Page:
Job Performance Not Measuring Up
The CEO of a professional services firm was working with Laura Conover on bonus plan design for his management team. As the discussion progressed, it became clear the CEO was concerned about the job performance of one of the Vice Presidents. This particular Vice President didn’t respond to voice and e-mail messages in a timely manner and was lacking in some other people interaction skills. The CEO made coaching available to the Vice President, and the VP never made time to work with the coach. The overarching lack of people skills possessed by this VP made it so difficult to work with him that the CEO appropriately wondered if the VP should participate in the bonus plan. Laura helped the CEO see, in a short conversation, that the interpersonal skills issue was significant for this VP, and that those issues would have to be addressed and improved upon in order for the VP to continue in his position, let alone participate in the bonus plan.
Succession Planning Strategies
In the midst of creating salary structures and bonus plans for a transportation firm, the CEO asked Laura to provide an opinion about succession planning for the firm. The CEO wanted to know if the CFO and the Director of Operations were good potential candidates to take on a future CEO or EVP level position at his company. Laura had worked with both of the candidates on the compensation projects, so already had a good understanding of their personalities and skill sets. She interviewed each incumbent and gave her findings and analysis to the CEO. As a result of Laura’s recommendations, both incumbents were given specific career development opportunities, and the CEO gained clarity around future responsibilities for the incumbents and the types of external hires he would need to make.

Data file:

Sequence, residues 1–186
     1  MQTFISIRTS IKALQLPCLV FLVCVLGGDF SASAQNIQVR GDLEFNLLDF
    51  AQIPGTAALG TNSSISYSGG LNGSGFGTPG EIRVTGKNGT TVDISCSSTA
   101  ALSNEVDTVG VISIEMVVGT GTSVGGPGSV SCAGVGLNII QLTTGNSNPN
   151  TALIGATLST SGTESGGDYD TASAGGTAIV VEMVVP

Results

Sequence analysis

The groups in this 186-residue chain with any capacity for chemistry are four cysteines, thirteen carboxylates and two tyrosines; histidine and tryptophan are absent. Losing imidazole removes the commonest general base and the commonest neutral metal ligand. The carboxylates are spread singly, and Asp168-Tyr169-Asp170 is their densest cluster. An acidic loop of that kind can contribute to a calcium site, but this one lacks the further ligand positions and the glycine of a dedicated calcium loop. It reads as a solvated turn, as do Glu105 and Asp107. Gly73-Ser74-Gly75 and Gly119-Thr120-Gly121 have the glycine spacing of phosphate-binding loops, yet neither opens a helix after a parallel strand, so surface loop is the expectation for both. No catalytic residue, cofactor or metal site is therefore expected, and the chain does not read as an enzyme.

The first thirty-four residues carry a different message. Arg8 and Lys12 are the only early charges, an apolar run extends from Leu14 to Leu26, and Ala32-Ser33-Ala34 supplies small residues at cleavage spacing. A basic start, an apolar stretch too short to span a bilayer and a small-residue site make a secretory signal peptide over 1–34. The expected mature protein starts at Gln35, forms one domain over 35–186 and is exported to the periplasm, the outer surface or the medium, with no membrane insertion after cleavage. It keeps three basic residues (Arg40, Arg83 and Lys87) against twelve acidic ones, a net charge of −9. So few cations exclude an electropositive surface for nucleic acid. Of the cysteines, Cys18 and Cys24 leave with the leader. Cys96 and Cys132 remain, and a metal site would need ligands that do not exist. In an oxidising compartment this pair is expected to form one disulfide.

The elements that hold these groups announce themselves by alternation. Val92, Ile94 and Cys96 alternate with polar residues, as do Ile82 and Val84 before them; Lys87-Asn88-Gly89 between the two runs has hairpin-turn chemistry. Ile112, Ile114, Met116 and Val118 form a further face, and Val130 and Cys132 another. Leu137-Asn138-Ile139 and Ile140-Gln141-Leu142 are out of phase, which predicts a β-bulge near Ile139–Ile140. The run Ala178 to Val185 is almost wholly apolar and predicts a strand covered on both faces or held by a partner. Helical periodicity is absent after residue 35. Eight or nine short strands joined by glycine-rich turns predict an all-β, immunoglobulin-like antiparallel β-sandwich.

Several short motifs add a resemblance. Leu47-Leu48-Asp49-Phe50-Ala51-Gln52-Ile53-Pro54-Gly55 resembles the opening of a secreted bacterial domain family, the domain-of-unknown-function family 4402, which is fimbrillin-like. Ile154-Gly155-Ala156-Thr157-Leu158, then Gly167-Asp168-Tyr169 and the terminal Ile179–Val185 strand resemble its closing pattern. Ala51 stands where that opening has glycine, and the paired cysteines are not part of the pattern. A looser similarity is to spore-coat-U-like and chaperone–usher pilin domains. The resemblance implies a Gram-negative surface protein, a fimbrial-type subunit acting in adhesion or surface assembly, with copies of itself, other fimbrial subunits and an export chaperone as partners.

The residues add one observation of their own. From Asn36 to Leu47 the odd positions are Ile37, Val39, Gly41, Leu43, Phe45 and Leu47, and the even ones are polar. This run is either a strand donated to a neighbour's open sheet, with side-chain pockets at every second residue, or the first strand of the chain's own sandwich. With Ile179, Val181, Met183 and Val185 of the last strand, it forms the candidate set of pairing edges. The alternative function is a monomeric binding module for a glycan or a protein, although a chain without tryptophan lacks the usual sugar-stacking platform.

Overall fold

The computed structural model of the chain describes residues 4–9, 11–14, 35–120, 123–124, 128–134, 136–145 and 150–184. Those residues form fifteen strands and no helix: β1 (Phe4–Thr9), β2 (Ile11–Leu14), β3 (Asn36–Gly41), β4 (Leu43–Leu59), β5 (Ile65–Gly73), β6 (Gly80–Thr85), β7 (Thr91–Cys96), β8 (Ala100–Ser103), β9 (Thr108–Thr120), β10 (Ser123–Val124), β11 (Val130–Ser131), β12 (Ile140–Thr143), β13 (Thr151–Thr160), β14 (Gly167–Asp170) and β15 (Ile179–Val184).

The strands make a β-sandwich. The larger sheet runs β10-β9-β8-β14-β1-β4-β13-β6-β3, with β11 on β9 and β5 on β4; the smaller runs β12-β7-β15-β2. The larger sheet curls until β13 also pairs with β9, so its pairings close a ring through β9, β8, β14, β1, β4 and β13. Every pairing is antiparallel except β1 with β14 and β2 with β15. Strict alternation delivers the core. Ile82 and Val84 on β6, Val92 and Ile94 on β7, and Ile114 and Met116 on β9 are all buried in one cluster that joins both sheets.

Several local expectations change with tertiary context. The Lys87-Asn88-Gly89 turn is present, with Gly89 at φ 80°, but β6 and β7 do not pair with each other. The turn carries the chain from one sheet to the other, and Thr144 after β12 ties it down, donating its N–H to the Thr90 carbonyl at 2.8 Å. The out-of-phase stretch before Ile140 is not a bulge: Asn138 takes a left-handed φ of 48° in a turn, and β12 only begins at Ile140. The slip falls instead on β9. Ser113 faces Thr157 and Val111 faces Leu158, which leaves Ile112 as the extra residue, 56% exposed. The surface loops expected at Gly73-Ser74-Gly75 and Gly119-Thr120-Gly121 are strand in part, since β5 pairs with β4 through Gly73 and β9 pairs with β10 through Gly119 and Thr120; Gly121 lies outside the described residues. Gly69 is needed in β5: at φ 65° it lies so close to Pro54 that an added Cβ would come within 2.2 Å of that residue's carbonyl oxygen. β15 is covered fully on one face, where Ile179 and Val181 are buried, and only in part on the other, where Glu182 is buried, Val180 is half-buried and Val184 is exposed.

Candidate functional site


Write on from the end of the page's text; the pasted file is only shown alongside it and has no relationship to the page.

Executive Team Conflict Turnaround
A manufacturing firm has a management team that includes one member who had such a hard time working well with others. This management team member had a reputation of being difficult, which was no secret among the approximately 100 employees who saw the negative effects of the conflict throughout the organization. So much time and energy was wasted due to the conflict, up and down the org. chart, that the CEO asked Laura to conduct an assessment of all of the executive team members, to include all of them giving feedback to each other, as well as all receiving feedback from the CEO and their direct reports. The assessment clearly showed where the problem issues were with the very difficult management team member, as well as areas to work on for all the others. The CEO hired an executive coach, based upon Laura’s recommendation, to work with the two executive team members who had constant conflict with each other, and after about six months of working with the coach both team members were working and interacting with each other and others in a much more effective manner.